ALSO: I don't know about E-trade, but at TD Waterhouse one can work out arrangements with many mutual funds to buy in even more cheaply than that. All you have to do is set up an arrangement to buy a minimal amount (say, $100) at least once per quarter or so. I was surprised to learn that fact -- I thought such arrangements were only possible when dealing *directly* with a fund company, but here's one broker at least where you can do that.

I'm having trouble comparing funds from different families. Just because the name of the fund has "Large Cap Index" doesn't mean it really follows the S&P 500 index.

The S&P500 is considered a LARGE CAP BLEND. And despite that categorization, the fact is that some stocks in that index are worth only a billion or two, which is considered small-cap. It really is a multi-cap index, and it's not really a passive index, because Standard and Poor CHANGE the stocks that go into the index every year! If one does not actually understand what goes into an index, I submit that one should not own it. But again, that is something that many index fans will not tell you.

What I would like is a list of the most common indices and the mutual funds that accurately follow them.

I believe you need to do a lot of homework before spending a dime. You do not want to get boxed in by hasty decisions based on biased advice. (And mine is just as biased as anybody else's -- but at least I admit it! <g>)

Any suggestions? MF has a series of explanations and examples

Please, oh please, do more homework than just reading the stuff here on the Fool. No offense to our hosts, but one really needs to know a lot to be able to interpret the quality of the advice here. They mean well, but that does not mean you can trust what they say blindly. The same goes for Morningstar, even though it provides scads of useful data.

Try to find a source that examines multiple choices with objective pros and cons, whether it's a book, magazine, website, or whatever. And make sure that this source is based on VERY RECENT information, because ALL investments are ultimately dependent on macroeconomics, and I personally believe that one ignores news headlines at his/her own peril.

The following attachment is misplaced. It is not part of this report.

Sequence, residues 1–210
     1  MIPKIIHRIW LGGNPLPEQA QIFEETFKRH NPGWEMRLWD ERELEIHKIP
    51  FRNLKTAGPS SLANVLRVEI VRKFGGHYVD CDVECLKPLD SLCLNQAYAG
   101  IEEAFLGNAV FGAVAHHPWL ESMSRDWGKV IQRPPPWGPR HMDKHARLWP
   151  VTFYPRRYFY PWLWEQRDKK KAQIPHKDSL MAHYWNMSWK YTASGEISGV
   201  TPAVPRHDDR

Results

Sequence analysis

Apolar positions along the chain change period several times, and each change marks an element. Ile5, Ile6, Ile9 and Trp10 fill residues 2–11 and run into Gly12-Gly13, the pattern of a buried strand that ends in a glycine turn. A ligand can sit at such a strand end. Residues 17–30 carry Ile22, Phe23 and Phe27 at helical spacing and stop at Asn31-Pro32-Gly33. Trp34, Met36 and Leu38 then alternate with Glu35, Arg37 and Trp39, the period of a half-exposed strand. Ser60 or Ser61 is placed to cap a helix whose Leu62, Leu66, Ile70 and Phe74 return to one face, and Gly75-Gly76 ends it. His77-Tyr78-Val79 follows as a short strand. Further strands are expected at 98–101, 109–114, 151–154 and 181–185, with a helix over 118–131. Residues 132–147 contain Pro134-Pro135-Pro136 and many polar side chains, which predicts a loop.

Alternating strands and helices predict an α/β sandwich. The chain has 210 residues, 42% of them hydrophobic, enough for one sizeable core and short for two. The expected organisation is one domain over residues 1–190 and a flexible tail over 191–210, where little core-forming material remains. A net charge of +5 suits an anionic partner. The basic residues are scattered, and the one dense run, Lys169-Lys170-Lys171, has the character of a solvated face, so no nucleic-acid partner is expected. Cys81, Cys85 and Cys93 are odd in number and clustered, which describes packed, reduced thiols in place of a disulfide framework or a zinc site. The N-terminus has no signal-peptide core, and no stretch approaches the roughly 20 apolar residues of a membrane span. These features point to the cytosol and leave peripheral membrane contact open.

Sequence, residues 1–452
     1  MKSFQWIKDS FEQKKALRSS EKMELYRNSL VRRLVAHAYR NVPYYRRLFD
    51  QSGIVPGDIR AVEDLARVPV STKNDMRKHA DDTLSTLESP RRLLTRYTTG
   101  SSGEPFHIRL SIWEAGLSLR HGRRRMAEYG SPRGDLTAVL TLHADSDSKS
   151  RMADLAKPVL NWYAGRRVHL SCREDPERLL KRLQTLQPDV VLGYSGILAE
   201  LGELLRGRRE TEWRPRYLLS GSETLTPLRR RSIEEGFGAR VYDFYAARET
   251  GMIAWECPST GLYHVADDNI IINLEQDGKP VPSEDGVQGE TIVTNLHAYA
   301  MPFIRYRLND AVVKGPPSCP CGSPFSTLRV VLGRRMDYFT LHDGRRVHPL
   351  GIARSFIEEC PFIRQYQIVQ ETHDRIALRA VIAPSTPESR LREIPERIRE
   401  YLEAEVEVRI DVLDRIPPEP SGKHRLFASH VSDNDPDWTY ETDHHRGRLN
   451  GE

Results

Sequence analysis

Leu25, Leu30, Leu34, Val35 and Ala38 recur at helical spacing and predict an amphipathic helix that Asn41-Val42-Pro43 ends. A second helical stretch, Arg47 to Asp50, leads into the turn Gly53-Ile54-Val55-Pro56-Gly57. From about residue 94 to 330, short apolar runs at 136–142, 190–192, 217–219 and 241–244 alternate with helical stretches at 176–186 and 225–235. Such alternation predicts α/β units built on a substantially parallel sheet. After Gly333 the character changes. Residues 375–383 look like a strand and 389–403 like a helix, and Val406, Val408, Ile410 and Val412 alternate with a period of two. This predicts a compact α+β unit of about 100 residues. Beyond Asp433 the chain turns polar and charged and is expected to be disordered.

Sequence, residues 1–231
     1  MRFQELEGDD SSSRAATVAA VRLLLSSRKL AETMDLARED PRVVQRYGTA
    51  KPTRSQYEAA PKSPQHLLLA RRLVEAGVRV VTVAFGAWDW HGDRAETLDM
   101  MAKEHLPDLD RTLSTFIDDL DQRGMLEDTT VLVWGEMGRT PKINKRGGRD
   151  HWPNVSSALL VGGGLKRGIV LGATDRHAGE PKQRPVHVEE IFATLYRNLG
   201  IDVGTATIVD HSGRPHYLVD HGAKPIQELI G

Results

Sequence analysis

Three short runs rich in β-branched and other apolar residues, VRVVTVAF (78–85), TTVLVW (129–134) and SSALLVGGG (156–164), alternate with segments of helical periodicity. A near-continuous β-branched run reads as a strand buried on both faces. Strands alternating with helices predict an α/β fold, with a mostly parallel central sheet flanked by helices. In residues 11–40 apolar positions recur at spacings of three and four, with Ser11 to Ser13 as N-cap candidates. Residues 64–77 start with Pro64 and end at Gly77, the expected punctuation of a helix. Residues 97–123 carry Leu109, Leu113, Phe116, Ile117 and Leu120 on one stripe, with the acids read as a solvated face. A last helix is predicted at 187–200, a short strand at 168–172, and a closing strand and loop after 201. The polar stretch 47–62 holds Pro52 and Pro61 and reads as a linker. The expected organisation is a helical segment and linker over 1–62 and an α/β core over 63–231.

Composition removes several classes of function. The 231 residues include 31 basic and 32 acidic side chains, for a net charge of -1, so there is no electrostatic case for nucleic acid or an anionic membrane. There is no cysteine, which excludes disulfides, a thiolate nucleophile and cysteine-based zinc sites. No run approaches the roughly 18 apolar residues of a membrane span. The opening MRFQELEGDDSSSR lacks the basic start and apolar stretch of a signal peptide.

For instance: the US recently slapped tariffs on Chinese textiles. There has been talk for ages about changes in the way the Chinese set the exchange rate of their currency (the Yuan) versus the dollar and others. One never knows if/when they might actually make such a change, but in the meantime, these other political moves will make a difference in trade. And such events will have a big impact on the entire world economy.

You may have heard that two nations in the EU (France and Holland) have voted against adopting the EU constitution. With such activity, there is the chance, probably slight but worth noting, that the Euro might be scrapped at some point and the countries would return to their own currencies. This uncertainty has made the dollar stronger versus the Euro. That makes U.S. products more expensive to sell over there. If the situation lingers, one should expect an impact in the stock market.

Recently there has been a bond rally -- along with a stock rally -- based on RUMORS that the Fed will take a break in its upward rate-raising process. If the Fed does not take that break, that could make a big difference on bonds, which could make a big difference on mortgage rates, which could make a big difference on home prices, which could make a big difference on large builders whose stocks bolster the broad market. Can you see all those dominoes falling in line?

Worse yet, the darn dominoes don't necessarily fall in a straight line, because other factors can come along, like: changes in employment rates; changes in income averages; changes in tax policy; and oh yeah --OIL prices. I mean, it just goes on and on.

So if you trust your luck to passive indexes, and only stocks, you have no choice but to go along for the ride, which is almost certain to be choppy in the next few years. That's why some actively managed funds, and broader diversification, can help you preserve capital.

I'm looking for a more complete listing so I can find fund families that I can invest in through E*trade. As of now I'm reduced to blindly stumbling across a fund with a promising name, then reading the prospectus to see how the fund invests its money.

If E-trade does not provide that kind of help you should change brokers.

If you have specific recommendations for any funds or the types of indices I've chosen, I'd appreciate the input there as well.

Well, I've given you most of that already. I absolutely do NOT suggest that you blindly follow my advice, but if you search through this board, you'll find MANY funds discussed in all these different categories. Good luck!